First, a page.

Saturday, 23 June 2012

Antique Finds


What I like most about names is that there seems to be a never ending supply of them. Just dig out a book from a hidden corner of your library, or randomly search Wikipedia, and you'll find an individual or character with a name you've never heard of before. They're just sitting there, gathering dust, waiting for someone to come across them. Many, admittedly, don't appeal to modern tastes or seem compatible to modern times, but they show that unusual names have been around for centuries. And that's the beauty of forgotten names. Below are a few of those lost treasures - some are fantastic, others are, um, best left where they were found.

Mountstuart - It has the same feel as Montgomery, with its stuffy English upper-class sound. The Hon. Mountstuart Elphinstone was born in 1779, the youngest son of a Scottish Peer.

Gruffudd - A Welsh name that is, perhaps, just a touch unappealing. The Anglicised version, Griffith, has a better chance of sticking. Look through medieval Welsh histories and you'll encounter a Gruffudd here and there. The Gruffudd I came across was the son of Sir David Hamner, a 14th century knight, and his wonderfully named wife, Angharad, whose name means 'more love' in Welsh.

Ingelram - With siblings named Margaret, Henry, Maud and Thomas, one wonders if Ingelram felt left out. He was a sixteenth century gentleman, the second son of the 4th Earl of Northumberland. His name likely stems from a family surname, but it is also a Germanic foreman. 

Wriothesley - It looks like a mouthful, doesn't it? But it has a simple pronunciation. Of course, it depends on which pronunciation you settle on. There is Rottisli (which appears to me to be the correct form), or Riz'li, but my favourite is archaic Risley, which seems like a nice twist on Riley. But I digress. Wriothesley was the name of two Dukes of Bedford in the early 18th century. How it became used as a first name in the Russell family is no mystery: It was the surname of the mother of the 2nd Duke of Bedford.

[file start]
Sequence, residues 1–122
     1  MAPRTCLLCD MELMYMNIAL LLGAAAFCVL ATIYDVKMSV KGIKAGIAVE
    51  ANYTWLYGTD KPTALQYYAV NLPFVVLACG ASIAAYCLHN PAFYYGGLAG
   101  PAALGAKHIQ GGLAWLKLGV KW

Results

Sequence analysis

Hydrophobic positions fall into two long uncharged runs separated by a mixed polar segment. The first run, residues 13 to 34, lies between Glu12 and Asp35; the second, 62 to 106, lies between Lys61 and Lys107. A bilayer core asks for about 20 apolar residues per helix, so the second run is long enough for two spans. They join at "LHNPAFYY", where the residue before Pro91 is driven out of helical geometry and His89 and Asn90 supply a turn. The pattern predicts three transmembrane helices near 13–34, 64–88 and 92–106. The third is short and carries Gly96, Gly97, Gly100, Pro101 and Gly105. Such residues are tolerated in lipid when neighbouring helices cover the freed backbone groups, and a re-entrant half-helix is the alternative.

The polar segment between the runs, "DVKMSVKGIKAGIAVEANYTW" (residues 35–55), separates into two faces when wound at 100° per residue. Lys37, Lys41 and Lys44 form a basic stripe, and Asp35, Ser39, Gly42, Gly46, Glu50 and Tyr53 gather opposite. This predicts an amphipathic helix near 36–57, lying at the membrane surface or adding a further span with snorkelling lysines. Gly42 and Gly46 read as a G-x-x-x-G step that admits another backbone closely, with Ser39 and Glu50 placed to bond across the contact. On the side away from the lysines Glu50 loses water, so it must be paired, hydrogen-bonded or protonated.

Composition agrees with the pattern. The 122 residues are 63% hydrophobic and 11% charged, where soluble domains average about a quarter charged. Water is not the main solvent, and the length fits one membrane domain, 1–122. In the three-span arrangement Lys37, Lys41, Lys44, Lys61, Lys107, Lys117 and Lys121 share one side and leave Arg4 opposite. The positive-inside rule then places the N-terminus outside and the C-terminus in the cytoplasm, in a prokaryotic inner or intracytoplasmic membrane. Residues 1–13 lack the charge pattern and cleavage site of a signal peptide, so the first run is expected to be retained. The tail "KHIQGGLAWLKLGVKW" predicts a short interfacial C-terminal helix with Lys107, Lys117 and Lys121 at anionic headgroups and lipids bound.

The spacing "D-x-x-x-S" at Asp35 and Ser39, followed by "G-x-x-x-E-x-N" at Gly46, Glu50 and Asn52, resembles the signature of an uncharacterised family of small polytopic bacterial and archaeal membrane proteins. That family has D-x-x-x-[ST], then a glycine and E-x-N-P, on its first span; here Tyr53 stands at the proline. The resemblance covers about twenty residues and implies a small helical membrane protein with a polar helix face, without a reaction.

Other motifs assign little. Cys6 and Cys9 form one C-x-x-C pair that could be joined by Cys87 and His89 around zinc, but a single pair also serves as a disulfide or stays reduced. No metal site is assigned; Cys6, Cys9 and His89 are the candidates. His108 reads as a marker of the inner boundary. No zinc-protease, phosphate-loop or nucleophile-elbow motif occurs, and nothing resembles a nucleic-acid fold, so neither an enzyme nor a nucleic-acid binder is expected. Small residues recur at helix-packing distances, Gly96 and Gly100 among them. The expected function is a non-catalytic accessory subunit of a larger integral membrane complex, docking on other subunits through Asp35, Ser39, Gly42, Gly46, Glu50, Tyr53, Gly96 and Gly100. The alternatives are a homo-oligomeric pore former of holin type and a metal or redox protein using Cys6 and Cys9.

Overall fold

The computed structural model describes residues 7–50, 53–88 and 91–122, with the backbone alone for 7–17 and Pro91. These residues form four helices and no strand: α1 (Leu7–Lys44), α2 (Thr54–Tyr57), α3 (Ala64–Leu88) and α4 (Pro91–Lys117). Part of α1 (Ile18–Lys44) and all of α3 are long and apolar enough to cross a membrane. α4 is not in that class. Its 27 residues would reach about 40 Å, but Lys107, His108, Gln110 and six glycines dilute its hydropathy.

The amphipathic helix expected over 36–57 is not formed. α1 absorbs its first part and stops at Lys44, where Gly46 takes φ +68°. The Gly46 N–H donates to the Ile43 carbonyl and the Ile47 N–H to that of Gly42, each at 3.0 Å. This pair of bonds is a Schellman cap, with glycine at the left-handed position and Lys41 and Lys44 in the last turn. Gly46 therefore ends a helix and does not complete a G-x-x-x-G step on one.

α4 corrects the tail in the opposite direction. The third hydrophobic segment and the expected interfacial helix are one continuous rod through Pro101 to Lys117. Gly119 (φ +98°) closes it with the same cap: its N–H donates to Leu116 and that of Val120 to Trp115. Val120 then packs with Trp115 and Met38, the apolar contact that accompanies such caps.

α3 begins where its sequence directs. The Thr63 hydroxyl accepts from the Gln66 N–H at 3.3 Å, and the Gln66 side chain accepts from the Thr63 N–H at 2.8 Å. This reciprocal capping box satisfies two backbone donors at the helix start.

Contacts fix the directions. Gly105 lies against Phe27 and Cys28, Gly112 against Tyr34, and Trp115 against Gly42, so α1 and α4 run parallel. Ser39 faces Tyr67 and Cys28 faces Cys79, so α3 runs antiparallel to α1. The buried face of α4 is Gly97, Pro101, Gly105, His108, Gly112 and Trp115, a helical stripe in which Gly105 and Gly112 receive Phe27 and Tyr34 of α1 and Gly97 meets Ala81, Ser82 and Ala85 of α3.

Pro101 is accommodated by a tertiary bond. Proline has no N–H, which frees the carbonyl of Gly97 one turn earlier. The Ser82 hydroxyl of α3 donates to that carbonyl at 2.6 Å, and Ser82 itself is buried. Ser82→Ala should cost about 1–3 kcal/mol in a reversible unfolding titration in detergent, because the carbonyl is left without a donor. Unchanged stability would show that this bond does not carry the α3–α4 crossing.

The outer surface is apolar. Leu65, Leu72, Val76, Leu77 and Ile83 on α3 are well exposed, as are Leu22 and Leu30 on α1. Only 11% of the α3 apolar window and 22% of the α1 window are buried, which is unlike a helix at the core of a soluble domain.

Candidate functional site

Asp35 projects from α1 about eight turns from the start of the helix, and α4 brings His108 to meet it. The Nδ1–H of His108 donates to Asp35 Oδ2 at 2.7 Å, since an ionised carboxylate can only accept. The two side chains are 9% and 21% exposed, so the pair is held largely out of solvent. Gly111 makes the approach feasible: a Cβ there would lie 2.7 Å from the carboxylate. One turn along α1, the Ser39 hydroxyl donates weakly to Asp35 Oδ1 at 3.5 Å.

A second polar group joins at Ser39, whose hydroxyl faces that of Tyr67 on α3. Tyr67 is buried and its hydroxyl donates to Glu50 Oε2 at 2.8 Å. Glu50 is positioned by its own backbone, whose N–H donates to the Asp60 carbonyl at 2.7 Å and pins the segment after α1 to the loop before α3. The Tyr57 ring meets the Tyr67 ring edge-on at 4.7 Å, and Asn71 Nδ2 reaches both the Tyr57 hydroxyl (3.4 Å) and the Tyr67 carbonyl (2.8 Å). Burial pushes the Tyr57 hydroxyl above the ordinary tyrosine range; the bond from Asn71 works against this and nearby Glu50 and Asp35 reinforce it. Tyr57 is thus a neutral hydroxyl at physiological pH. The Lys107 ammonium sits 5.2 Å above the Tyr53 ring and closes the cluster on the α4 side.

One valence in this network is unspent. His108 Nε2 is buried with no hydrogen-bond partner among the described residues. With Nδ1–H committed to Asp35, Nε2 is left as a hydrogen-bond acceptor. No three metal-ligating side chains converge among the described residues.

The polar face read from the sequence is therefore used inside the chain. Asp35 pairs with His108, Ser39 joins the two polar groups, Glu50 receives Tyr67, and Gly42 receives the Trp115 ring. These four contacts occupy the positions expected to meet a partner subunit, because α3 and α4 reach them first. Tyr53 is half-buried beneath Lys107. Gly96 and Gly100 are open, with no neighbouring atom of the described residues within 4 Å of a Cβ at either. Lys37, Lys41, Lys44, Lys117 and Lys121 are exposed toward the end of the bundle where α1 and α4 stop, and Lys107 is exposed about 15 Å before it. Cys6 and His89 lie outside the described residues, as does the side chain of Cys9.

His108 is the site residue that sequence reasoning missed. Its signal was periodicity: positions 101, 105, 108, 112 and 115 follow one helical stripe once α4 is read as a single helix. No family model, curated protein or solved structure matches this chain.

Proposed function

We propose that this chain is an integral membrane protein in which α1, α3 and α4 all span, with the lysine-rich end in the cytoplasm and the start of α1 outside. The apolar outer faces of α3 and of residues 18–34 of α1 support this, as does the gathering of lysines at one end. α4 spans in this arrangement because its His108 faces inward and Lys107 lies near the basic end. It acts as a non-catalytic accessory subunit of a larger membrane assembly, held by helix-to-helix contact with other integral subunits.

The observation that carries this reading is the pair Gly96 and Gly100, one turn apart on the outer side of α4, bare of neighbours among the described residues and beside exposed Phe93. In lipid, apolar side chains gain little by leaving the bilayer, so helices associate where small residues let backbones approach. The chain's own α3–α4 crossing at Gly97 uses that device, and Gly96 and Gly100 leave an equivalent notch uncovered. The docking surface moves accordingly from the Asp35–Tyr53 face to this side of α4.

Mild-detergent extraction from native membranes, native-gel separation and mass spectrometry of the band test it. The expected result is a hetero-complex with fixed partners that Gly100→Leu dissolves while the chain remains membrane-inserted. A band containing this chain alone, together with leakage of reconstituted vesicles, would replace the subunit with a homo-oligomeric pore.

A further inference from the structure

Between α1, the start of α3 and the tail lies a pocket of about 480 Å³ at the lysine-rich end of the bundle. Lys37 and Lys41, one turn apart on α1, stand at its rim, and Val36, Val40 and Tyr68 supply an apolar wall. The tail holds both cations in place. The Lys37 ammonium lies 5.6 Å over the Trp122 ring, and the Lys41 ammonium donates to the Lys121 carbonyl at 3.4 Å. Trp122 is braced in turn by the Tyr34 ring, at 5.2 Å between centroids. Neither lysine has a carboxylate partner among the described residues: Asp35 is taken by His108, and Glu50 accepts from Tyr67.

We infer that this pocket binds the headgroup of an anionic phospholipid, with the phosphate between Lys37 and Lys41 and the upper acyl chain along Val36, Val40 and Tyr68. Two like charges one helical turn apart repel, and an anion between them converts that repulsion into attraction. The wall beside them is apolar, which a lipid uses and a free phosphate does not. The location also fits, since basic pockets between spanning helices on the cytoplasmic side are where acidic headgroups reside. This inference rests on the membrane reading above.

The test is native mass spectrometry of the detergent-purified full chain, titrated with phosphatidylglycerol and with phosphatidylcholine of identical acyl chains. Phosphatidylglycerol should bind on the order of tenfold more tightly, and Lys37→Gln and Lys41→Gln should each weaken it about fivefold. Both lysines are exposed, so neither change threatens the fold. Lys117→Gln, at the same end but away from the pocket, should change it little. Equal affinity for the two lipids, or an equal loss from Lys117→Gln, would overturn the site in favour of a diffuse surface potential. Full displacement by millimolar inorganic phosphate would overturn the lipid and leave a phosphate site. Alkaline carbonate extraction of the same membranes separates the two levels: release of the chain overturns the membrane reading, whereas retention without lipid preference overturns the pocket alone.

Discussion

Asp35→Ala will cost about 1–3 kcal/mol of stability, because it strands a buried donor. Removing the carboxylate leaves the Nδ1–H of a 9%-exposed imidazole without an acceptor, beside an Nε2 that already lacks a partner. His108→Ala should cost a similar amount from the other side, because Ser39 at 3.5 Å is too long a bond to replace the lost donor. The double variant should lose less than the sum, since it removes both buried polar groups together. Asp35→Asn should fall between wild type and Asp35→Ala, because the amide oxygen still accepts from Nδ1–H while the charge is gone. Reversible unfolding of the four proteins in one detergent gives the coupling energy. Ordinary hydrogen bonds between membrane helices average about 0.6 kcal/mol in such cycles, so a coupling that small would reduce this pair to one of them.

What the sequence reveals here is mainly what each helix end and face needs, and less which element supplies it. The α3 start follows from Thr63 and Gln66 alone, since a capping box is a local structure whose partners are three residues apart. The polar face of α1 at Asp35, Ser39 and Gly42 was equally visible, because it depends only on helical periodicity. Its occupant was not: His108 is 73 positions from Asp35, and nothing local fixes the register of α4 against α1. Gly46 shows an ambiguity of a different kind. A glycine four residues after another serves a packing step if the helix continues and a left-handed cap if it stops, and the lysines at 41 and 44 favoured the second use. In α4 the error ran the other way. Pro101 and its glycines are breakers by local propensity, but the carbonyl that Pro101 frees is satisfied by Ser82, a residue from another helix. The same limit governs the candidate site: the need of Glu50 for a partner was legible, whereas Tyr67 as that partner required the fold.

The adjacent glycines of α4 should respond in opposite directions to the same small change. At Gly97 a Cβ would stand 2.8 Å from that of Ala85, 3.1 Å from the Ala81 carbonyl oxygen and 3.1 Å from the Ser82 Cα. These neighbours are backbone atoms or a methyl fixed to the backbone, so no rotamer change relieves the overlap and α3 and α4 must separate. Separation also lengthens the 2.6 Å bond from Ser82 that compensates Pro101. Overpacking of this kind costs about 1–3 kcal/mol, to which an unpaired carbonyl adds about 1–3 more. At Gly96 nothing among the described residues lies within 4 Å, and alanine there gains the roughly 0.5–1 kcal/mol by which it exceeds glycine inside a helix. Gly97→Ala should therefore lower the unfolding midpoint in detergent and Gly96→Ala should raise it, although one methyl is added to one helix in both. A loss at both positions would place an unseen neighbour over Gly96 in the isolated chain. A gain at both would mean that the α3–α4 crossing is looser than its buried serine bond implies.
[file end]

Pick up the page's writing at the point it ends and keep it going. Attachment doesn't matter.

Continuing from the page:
Delaval - It's a name with a lot of history for Sir Delaval Loftus Astley, born in 1825 and the son of the 16th Baron Hastings. It first entered his family as a given name (as far as I can see) with the birth of his brother, John Delaval, and has continued to the present day, with the current holder of the title, Delaval Thomas Harold, still carrying the name. It may come as no surprise that the family's seat is Seaton Delaval Hall.

Stamp - This has celebrity written all over it. If someone can name their child Rocket or Pilot, I see no reason why Stamp isn't a possibility. For the Brooksbanks it was a family name stretching back to 1694 with the birth of Stamp Brooksbank, the son of one Mary Stamp. 

Albemarle - The Earl of Albemarle (pronounced something like Alb-er-mal) was a title created in 1697. It comes from the Latin Alba Marla, meaning white fertile soil. Albemarle Alexander Rawlinson, a Victorian major born in 1853, does not seem to have any connection to the Earls. I like the nickname possibilities that come with Albemarle, such as Albie and Marley.

Clotworthy - Clotworthy Upton was the 1st Baron of Templetown. Thankfully, there doesn't seem to have been any other Clotworthys named after him. 

Image: Earth Could Not Answer by Adelaide Hanscom